Even proper equations need good data. A good software tool will provide data for common hardware and fluids. This data should include pipe and tube information (sizes and surface conditions) and common fittings and valves.

On the fluid side, certainly water and common liquids and gases are desirable. There should also be the capability for the user to specify unique hardware and fluids to accurately model non-standard items. The ability to add such user-specified items to the program's database for future use, in addition to specifying for use in a particular problem, also is desirable.

Program Flexibility

An engineer typically faces many different types of problems. The information to be determined is often different from one problem to the next. A good software tool allows problems to be solved different ways, such as by specifying flow and solving for pressure drop; by specifying pressure drop and solving for flow; or by specifying pressure drop and flow and solving for required diameter.

An engineer must readily convert information between many different unit types. This requires a reference for conversion factors and, in hand calculations, often introduces errors due to transcription or misapplication of factors. A good software tool allows the user to specify and view information in different units.

Many fluid flow problems faced by an engineer involve a significant quantity of hardware and numerous flow paths. In these cases, it is important to choose a tool that allows these larger problems to be solved.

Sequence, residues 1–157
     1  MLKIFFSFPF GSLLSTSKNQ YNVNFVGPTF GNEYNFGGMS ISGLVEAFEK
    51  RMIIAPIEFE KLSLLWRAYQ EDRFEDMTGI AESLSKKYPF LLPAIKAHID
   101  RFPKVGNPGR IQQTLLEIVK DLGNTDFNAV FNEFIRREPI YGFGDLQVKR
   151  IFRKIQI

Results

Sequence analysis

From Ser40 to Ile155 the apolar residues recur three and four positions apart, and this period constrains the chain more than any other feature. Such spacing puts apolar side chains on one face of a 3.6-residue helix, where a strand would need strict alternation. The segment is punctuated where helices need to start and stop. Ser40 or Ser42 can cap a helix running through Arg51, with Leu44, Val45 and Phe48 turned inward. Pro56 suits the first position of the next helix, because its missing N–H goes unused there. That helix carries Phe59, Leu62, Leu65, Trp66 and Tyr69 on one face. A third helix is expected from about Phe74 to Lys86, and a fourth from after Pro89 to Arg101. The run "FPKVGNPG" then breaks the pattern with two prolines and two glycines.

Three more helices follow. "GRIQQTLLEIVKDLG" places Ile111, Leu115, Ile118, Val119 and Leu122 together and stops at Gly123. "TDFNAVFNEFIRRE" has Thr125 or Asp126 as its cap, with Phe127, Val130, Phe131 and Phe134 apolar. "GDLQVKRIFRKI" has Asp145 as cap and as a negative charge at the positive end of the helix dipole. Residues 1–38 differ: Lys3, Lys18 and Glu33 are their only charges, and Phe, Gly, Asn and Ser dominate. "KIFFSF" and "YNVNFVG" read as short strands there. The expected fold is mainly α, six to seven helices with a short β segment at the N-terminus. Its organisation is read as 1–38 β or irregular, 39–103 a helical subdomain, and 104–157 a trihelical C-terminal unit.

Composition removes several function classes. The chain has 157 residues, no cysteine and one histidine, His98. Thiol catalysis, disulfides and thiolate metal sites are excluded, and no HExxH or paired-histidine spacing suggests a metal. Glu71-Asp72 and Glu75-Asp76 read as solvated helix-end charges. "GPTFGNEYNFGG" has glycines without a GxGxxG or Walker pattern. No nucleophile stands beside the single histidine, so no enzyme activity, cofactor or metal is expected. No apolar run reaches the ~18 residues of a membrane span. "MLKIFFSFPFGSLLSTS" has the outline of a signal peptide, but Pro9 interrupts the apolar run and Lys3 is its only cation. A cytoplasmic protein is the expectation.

Software tools typically place limits on the number of flow paths, or pipe sections with similar pipe diameters (such that two pipes of different diameters connected together (with appropriate size change) may count as two flow paths. The size of problems that can be solved also can be limited based on the ability to display a problem on the screen. A good software tool allows the screen to be enlarged, reduced, and scrolled.

Reports – Getting Information Out

While solving problems is important, it also is important to be able to see the results. The engineer may want several types of information. First, a "big-picture" view of a system showing all of the flows and pressures is useful to understand system function and behavior.

Second, detailed information about each flow path and individual components is useful both for design of new systems and troubleshooting of existing systems.

It is sometimes important to consider the order of components in a flow path, particularly in situations where the fluid pressure approaches the vapor pressure of the fluid, where individual component pressure drops are important, or where fluid velocity within a flow path must be limited.

In these cases, a software tool that considers the order of components within a flow path and allows the user to see values for each individual component is important.

Technical Support

However good the software, there is always a need for technical support, both for the computer related issues such as damaged media or failed hardware, and for engineering issues including questions about calculations and assumptions or issues with a specific problem. Both the quality of the support and the cost of the support are important.

Many vendors offer support limited by either contact methods or by time after purchase. Technical support should not be confused with engineering consulting, but the software vendor should be readily available for consultation about how the program works and the methodology applied by the program.

As always, ask before you buy.